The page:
5 Things Graduates Can Do While Looking for a Job

5 Things Graduates Can Do While Looking for a Job

Graduating can already be a weird transitional time as it is, but graduating in a pandemic is a whole other story. There were internships lost, job opportunities put on hold, and layoffs at companies with established employees. It can certainly feel like a discouraging time to be starting your career.

If you recently graduated or you’re graduating this fall and you haven’t landed a job in your field, don’t fret! Opportunities will come your way, but there are some things you can do in the meantime to level up and impress those you meet along the way.

Today we’ll go through five things you can do during this time that will improve your skills, make you more hireable, give you advantages over other applicants, and generally help you get through this time.

1. Start a Side Hustle or Passion Project

While you’re looking for work, it’s a good idea to work on something of your own – for a couple of reasons. For one, it will give you something to focus on while you’re waiting for your next big step. Additionally, it will help develop skills such as problem-solving, creativity, and project management Your project can also serve as a portfolio piece, depending on how it applies to your career path. It also looks good to employers that you’re still working on something, even while you’re not employed.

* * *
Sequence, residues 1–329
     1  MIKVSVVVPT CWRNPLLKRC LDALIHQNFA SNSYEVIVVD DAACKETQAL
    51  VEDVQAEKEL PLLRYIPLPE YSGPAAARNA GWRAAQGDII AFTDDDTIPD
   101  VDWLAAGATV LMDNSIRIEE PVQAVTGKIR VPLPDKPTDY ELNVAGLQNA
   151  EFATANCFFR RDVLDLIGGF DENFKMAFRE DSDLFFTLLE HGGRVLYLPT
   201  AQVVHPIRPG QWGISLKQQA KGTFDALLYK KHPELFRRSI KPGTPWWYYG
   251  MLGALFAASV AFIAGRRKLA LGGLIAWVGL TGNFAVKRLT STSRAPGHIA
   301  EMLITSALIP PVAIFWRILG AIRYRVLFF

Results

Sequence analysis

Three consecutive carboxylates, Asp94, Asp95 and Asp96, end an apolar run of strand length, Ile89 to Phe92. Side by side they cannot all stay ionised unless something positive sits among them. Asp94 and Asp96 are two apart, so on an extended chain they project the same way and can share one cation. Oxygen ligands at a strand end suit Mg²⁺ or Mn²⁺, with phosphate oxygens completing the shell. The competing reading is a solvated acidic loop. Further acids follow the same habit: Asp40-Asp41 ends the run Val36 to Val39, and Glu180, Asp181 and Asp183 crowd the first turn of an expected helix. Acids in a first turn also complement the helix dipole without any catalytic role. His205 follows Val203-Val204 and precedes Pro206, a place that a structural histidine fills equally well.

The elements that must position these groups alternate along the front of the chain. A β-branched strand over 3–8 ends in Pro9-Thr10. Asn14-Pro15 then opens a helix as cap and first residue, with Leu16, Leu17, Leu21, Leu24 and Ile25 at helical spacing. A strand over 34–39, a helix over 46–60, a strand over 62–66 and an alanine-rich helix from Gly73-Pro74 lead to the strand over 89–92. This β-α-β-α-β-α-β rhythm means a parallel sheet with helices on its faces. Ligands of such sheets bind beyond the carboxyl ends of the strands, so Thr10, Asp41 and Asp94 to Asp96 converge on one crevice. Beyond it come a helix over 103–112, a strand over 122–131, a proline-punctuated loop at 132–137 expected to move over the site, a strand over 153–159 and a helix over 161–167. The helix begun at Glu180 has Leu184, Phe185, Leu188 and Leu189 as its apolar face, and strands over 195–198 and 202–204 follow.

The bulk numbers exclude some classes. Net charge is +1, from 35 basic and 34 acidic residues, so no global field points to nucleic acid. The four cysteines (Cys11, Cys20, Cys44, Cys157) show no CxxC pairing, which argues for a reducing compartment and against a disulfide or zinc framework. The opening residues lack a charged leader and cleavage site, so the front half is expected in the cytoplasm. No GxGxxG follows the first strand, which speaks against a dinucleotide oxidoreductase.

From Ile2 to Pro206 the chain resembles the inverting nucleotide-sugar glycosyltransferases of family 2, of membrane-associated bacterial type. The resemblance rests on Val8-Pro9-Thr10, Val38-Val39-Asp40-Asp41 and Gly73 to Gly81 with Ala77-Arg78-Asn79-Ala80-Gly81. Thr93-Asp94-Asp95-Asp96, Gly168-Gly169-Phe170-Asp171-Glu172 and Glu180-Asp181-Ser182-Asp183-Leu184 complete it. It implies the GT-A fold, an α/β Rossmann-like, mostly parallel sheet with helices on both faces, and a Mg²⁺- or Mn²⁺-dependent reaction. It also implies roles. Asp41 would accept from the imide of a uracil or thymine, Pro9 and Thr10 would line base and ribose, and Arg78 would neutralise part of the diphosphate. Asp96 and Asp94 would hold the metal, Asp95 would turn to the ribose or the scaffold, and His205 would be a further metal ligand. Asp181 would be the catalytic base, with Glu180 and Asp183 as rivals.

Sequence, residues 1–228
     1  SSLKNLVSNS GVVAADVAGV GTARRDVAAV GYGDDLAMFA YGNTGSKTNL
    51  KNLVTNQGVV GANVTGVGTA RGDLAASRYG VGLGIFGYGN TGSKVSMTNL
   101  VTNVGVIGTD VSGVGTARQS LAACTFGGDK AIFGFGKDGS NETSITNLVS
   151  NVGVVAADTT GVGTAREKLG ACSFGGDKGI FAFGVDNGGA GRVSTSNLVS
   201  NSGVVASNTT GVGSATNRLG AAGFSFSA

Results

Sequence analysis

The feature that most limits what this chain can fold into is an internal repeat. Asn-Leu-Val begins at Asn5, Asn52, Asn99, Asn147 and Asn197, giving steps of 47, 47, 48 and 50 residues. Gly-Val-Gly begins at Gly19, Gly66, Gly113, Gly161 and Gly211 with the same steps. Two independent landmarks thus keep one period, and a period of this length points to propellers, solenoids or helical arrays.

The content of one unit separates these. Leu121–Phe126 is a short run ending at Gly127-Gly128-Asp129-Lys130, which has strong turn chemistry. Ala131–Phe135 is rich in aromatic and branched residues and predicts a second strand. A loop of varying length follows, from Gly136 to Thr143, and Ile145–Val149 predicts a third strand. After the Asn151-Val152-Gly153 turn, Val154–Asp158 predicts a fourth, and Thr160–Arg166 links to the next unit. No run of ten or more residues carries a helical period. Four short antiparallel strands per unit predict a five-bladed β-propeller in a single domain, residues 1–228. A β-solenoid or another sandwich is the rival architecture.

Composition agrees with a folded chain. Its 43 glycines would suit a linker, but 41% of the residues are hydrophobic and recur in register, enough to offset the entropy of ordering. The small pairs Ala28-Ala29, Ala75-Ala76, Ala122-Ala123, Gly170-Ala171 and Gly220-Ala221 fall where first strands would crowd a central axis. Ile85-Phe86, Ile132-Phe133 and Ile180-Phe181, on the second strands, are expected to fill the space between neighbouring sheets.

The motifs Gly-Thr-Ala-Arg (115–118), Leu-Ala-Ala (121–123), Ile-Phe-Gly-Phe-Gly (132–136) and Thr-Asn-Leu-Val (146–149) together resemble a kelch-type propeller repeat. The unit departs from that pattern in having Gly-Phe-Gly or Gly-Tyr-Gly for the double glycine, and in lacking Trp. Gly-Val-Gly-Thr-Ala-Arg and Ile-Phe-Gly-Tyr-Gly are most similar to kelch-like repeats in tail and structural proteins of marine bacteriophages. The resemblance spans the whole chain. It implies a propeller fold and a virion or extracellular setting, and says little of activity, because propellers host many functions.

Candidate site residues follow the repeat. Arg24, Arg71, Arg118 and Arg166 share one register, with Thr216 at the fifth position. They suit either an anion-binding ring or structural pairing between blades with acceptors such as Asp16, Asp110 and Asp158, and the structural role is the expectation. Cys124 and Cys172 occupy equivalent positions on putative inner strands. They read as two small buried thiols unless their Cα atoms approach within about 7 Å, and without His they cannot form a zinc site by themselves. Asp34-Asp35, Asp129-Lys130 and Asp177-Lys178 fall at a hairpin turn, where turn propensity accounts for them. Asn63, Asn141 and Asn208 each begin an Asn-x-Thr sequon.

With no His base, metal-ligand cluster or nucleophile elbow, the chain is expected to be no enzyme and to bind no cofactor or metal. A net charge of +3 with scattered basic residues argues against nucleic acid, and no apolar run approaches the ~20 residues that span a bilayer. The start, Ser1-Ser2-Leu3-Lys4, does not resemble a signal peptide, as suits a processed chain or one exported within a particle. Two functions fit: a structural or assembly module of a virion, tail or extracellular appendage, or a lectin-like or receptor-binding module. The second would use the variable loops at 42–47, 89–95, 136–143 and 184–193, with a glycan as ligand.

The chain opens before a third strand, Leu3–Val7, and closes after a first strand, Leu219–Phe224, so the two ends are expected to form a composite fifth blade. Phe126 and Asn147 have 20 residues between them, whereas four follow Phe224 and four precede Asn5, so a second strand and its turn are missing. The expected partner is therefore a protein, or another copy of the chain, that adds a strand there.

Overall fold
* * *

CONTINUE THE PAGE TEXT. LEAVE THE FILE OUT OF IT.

This could look like building your personal brand, working on creating social content relevant to the career your pursuing, or starting to sell a service/product (i.e., designing logos). Maybe you want to start a blog, create YouTube tutorials, or make tactile items. Think about your interests and the career you want, and have fun with your ideas!

Example: If you’re into fashion, you could recreate iconic outfits on TikTok or Reels, put together trend guides for the season or even offer styling services (start with interested friends and family). There’s a lot of room for creative ideas!

2. Learn a New Skill

As you look through job opportunities, be sure to take note of any skills or capabilities required that you don’t possess. Can you take this time to learn those things? This is especially helpful if you notice the same skill coming up in multiple job postings. Bonus points: learn skills that are listed as “assets” on a job posting. This means that the skill isn’t necessary, but that it’s helpful for the job and you’ll stand out if you have it.

You can also reach out to people you have connections with to ask what skills are the most useful for success. There are lots of resources that you can utilize such as Skillshare, YouTube tutorials, and courses for virtually any skill you are wanting to learn.